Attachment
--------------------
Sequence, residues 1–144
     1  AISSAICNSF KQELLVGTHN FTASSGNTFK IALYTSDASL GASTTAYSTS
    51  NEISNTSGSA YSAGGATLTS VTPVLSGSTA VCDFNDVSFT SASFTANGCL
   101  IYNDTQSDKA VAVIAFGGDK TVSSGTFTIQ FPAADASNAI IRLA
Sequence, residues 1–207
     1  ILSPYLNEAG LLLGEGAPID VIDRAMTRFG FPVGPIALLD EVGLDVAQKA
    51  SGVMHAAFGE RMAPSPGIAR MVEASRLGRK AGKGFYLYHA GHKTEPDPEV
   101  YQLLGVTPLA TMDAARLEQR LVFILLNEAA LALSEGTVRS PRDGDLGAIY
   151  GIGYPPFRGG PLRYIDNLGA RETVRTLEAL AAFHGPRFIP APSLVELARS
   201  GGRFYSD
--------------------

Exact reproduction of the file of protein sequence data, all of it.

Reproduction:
Sequence, residues 1–144
     1  AISSAICNSF KQELLVGTHN FTASSGNTFK IALYTSDASL GASTTAYSTS
    51  NEISNTSGSA YSAGGATLTS VTPVLSGSTA VCDFNDVSFT SASFTANGCL
   101  IYNDTQSDKA VAVIAFGGDK TVSSGTFTIQ FPAADASNAI IRLA
Sequence, residues 1–207
     1  ILSPYLNEAG LLLGEGAPID VIDRAMTRFG FPVGPIALLD EVGLDVAQKA
    51  SGVMHAAFGE RMAPSPGIAR MVEASRLGRK AGKGFYLYHA GHKTEPDPEV
   101  YQLLGVTPLA TMDAARLEQR LVFILLNEAA LALSEGTVRS PRDGDLGAIY
   151  GIGYPPFRGG PLRYIDNLGA RETVRTLEAL AAFHGPRFIP APSLVELARS
   201  GGRFYSD